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Non-Pollinating Afrotropical Fig Wasps Affect the Fig-Pollinator Mutualism in Ficus within the Subgenus Sycomorus
Carole Kerdelhué and Jean-Yves Rasplus
Vol. 75, No. 1 (Feb., 1996), pp. 3-14
Stable URL: http://www.jstor.org/stable/3546315
Page Count: 12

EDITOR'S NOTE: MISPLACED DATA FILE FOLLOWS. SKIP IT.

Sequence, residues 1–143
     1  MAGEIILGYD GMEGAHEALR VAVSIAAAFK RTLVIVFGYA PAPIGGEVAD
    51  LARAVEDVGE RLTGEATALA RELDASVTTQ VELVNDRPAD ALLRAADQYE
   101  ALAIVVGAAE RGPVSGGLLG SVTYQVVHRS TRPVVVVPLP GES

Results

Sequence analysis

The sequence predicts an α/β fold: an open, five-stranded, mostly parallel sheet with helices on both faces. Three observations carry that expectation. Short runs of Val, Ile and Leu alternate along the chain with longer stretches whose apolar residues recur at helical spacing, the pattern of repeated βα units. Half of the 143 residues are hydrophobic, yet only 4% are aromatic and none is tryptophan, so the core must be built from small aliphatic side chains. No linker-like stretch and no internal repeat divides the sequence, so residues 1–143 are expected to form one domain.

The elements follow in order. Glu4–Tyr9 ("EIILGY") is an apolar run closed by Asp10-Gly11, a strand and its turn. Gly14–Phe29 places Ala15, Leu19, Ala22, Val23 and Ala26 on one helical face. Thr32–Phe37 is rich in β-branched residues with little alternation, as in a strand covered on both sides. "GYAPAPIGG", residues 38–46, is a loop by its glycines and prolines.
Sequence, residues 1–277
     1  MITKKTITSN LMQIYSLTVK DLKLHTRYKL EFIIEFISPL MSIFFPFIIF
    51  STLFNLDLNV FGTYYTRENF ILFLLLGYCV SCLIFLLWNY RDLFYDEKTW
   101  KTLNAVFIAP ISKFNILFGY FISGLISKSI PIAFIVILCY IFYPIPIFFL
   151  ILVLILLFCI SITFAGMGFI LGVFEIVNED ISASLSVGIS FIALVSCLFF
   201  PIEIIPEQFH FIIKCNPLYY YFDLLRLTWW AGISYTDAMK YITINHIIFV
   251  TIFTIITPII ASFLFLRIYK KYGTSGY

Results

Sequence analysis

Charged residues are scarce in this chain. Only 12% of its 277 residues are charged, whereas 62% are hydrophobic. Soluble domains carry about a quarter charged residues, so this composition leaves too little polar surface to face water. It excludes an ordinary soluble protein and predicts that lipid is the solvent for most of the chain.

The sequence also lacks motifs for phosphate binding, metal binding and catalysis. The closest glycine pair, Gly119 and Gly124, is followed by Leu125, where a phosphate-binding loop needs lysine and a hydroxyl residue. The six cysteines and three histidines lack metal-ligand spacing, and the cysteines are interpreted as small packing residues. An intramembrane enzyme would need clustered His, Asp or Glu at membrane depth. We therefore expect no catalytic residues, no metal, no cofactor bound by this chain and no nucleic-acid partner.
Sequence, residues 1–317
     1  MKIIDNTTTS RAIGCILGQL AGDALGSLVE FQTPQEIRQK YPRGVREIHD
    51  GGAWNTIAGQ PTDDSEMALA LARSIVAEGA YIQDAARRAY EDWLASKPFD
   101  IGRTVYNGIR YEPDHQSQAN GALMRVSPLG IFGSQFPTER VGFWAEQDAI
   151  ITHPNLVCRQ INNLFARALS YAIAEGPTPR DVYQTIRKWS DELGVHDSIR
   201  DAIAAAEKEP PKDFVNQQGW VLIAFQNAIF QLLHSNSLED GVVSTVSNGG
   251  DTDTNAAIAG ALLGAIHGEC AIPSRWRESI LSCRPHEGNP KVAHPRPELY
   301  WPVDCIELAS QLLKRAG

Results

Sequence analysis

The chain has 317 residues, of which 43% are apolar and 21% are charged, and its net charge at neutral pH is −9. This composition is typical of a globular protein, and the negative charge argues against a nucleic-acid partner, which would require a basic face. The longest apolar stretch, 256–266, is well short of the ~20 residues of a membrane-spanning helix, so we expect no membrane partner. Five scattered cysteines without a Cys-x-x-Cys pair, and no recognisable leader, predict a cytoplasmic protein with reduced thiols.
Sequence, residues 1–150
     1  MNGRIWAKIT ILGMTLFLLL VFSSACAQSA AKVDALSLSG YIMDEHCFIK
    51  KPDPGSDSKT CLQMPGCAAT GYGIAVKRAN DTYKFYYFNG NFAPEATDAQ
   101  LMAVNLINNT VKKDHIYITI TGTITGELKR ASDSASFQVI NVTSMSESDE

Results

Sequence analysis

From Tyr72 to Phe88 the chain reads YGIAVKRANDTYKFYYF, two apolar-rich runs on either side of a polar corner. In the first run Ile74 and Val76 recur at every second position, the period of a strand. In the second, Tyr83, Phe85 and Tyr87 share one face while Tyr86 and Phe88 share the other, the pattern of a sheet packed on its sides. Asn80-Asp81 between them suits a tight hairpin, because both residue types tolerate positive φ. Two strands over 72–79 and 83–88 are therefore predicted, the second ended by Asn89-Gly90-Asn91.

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Ficus are species-specifically pollinated by chalcidoid wasps (Agaonidae), and the fig tree-fig pollinator mutualism has long been studied. A diversity of other chalcids, both gall-makers or parasitoids, co-occur in each monoecious Ficus species, and use the fig resource by developing in ovaries that they transform into galls. The oviposition sequence and impact on the mutualism of these non-pollinating fig wasps were studied on two Ficus species of the subgenus Sycomorus in the Ivory Coast. Field observations, fig measurements and counts of wasps and seeds from mature figs were conducted. Four groups of fig wasp species oviposit in the ovaries at different stages of syconial development, and were demonstrated to lay eggs in the internal ovary layers; the most external flowers seem to be protected against oviposition and thus develop into seeds. Non-pollinating wasp species, by parasitizing pollinator larvae or by competing for oviposition sites, have a significant negative impact on the pollinator population and dynamics, and thereby on Ficus male function (i.e. pollen dispersal). In contrast, but for one species, they do not affect the seed production, that is, the tree female function.
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